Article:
In other words, Lansing was pushing Wilson to declare war on Germany, and marshaled a number of arguments in favor of the second course of action, appealing to Wilson’s fervent belief in democracy (which Lansing shared): “It amounts to a frank declaration that an outlaw Government is an enemy of mankind, and will show that the present military oligarchy must be eliminated for the sake of civilization and the future peace of the world… It will give tremendous moral weight to the cause of human liberty and the suppression of Absolutism.” 

On February 3, 1917 Wilson announced that the United States was breaking off diplomatic relations with Germany to a special session of Congress (top), by expelling the German ambassador and recalling the American ambassador to Berlin. For the time being diplomatic relations would continue with the other members of the Central Powers (in fact the U.S. didn’t declare war on Austria-Hungary until December 1917, long after it went to war with Germany, and never declared war on the Ottoman Empire). 

The New York Times 

Everyone understood that breaking off relations with Germany was the final step before a declaration of war, but Wilson remained understandably reluctant to embroil his country in the bloodiest conflict in human history; for one thing, in an age before opinion polls it was unclear where the American people stood, and he needed time to read the national mood. He may also have decided to wait for the first German U-boat attacks on American shipping in order to be able to present a firm case to Congress.

Unbeknownst to Wilson, British intelligence was about to make the task of convincing America to go to war much easier, with the disclosure of the Zimmermann Telegram.  

See the previous installment or all entries.

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14 Burning Facts About Lucifer

Tom Ellis stars as Lucifer Morningstar in Lucifer.
Tom Ellis stars as Lucifer Morningstar in Lucifer.
JOHN P. FLEENOR/NETFLIX © 2020

He's in the details, he makes deals, and he lost an epic fiddle contest in Georgia. Lucifer Morningstar (not a stage name) has played a lot of roles in popular culture, but he had never been a nightclub-owning amateur detective in Los Angeles until he got his own TV show on Fox in 2016.

In Lucifer, Tom Ellis plays the titular demon, who has left hell and the punishment business in order to get a little Earthside R&R in the City of Angels. Just as Dracula went from rotten-skinned monster to debonair seducer in literature, Lucifer’s version of the devil (who comes to us courtesy of Californication creator Tom Kapinos) is all tailored suits, wry smiles, and addictive flirtation. He’s also very, very persuasive and people just have a tendency to tell him their deepest, darkest secrets—which is the next best thing to having a superpower when you're trying to solve mysteries alongside a cynical cop (played by Lauren German) … even if she is immune to those charms.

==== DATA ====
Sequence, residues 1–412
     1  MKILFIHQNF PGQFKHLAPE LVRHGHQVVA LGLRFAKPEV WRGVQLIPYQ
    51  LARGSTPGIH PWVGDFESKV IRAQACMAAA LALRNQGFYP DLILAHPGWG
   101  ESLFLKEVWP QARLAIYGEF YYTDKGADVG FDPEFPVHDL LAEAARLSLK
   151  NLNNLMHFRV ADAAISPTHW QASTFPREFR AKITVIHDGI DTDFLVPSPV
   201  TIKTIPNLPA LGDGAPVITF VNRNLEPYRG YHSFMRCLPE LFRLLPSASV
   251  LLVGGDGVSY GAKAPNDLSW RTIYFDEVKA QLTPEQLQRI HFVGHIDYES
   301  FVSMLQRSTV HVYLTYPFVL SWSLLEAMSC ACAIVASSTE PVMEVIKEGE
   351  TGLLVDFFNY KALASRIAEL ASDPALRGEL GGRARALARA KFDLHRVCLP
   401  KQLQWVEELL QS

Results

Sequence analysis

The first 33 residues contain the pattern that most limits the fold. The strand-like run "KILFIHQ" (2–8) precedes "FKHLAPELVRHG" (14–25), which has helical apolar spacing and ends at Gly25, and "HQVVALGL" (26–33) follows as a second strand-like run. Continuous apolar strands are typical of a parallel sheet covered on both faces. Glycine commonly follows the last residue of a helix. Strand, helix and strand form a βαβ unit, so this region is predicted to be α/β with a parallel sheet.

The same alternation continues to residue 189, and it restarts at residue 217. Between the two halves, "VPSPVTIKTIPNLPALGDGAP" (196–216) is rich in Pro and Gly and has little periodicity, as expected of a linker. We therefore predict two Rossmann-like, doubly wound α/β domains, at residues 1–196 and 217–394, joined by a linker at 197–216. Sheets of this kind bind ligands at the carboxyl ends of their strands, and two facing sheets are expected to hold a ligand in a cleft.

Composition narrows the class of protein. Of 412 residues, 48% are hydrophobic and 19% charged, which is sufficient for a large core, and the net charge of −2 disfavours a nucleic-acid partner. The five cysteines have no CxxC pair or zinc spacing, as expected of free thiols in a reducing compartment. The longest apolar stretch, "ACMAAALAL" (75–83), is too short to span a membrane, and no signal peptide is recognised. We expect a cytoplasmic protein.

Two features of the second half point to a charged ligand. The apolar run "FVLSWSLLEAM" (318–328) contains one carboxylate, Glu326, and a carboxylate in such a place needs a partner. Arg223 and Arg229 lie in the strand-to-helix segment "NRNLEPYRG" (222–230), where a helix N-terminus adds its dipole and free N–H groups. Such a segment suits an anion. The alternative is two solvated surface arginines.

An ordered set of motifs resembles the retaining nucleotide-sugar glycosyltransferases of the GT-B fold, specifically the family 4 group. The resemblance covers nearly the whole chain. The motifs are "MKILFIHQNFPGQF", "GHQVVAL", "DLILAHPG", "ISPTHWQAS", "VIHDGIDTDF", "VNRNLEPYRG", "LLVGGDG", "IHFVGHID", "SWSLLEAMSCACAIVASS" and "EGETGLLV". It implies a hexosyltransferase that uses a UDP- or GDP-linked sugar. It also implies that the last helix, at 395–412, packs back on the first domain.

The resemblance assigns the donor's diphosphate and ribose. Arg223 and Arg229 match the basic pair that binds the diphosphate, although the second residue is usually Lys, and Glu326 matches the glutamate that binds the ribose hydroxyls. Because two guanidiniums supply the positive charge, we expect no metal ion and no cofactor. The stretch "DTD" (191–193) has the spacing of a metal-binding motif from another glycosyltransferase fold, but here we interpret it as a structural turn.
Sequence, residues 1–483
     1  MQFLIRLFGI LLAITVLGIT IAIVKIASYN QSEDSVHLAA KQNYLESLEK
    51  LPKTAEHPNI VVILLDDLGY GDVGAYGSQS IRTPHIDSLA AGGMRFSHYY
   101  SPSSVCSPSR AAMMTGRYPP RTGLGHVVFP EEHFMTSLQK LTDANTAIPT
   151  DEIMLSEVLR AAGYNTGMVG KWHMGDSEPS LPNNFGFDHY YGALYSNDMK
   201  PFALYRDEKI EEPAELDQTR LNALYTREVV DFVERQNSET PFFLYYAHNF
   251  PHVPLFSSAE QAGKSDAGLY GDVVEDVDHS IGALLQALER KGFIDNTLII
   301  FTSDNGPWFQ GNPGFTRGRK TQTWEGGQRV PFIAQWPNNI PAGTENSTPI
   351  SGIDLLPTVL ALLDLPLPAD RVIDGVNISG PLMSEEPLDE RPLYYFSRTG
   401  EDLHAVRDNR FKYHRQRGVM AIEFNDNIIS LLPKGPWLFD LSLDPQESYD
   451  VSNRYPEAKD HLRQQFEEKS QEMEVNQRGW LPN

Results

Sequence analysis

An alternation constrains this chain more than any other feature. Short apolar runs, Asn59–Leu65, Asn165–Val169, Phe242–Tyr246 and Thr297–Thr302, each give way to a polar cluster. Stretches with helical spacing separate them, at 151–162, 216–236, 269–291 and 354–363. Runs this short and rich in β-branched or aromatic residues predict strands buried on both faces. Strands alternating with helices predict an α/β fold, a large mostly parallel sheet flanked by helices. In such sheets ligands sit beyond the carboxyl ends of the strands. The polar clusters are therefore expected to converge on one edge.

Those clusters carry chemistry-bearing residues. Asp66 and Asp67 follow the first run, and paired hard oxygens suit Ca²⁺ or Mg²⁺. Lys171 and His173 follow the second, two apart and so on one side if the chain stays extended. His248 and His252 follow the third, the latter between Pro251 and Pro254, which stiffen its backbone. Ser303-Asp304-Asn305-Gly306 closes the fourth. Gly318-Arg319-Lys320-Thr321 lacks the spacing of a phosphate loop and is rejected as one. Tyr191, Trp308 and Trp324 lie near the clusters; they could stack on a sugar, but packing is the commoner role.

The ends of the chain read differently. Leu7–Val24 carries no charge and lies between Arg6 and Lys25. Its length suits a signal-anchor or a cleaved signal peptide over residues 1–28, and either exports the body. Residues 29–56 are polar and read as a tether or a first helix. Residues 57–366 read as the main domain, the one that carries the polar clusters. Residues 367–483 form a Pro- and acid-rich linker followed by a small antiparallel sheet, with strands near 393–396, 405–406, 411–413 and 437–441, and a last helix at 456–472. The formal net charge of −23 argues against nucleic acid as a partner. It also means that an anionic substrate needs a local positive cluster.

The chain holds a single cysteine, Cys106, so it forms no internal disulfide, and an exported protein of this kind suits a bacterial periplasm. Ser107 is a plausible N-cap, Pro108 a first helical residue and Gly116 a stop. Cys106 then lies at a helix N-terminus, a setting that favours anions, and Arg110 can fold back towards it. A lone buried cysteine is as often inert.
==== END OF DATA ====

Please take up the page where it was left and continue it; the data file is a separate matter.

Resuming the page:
As you catch up with the hit series on Netflix (season 5 dropped in late August) and prepare for its upcoming sixth and final season, here are some facts to know about Lucifer.

1. Supernatural predicted Lucifer’s arrival.

The long-running, beloved genre show Supernatural welcomed Lucifer into the world with a joke. In "The Devil in the Details," episode 10 of Supernatural's 11th season, their show's Lucifer (played by Mark Pellegrino) joked that if he ever got out of his cage in hell, he'd move to Los Angeles to solve crimes. Fans of Eric Kripke’s series might have been surprised five days later when Lucifer's first episode landed on Fox and showed the titular demon (played here by Tom Ellis) doing exactly that.

2. Though Lucifer isn’t a Supernatural spinoff, both shows exist in a similar universe.

Though Supernatural and Lucifer aren’t officially related, both shows occupy somewhat of a shared universe and feature some of the same mythical characters. They also clearly have a shared affinity, as both shows have made sly nods to each other over the years.

3. Lucifer is a loose adaptation of a Neil Gaiman comic book character.

Tom Ellis and Aimee Garcia in Lucifer.John P. Fleenor/Netflix © 2020

The main character of Lucifer is less an adaptation of the embodiment of evil from religious texts and more an official riff on the Lucifer that Neil Gaiman, Sam Kieth, and Mike Dringenberg created for The Sandman comic book series for DC Comics. Lucifer eventually got his own spin-off comic book series.

4. Lucifer star Tom Ellis had no idea the show was a loose adaptation of a Neil Gaiman comic book character.

When asked if he used the Gaiman comics as research for his character in Lucifer, Ellis admitted that he wasn’t even aware the show was adapted from a comic book series. "It is a loose adaptation," he told Digital Spy in 2016. “I hadn't used anything from the comic to start with. But since then Neil Gaiman, who was behind the original incarnation, has got in touch with me. He told me he really enjoyed the pilot, so that was nice—it was almost like one of the parents giving us their blessing.”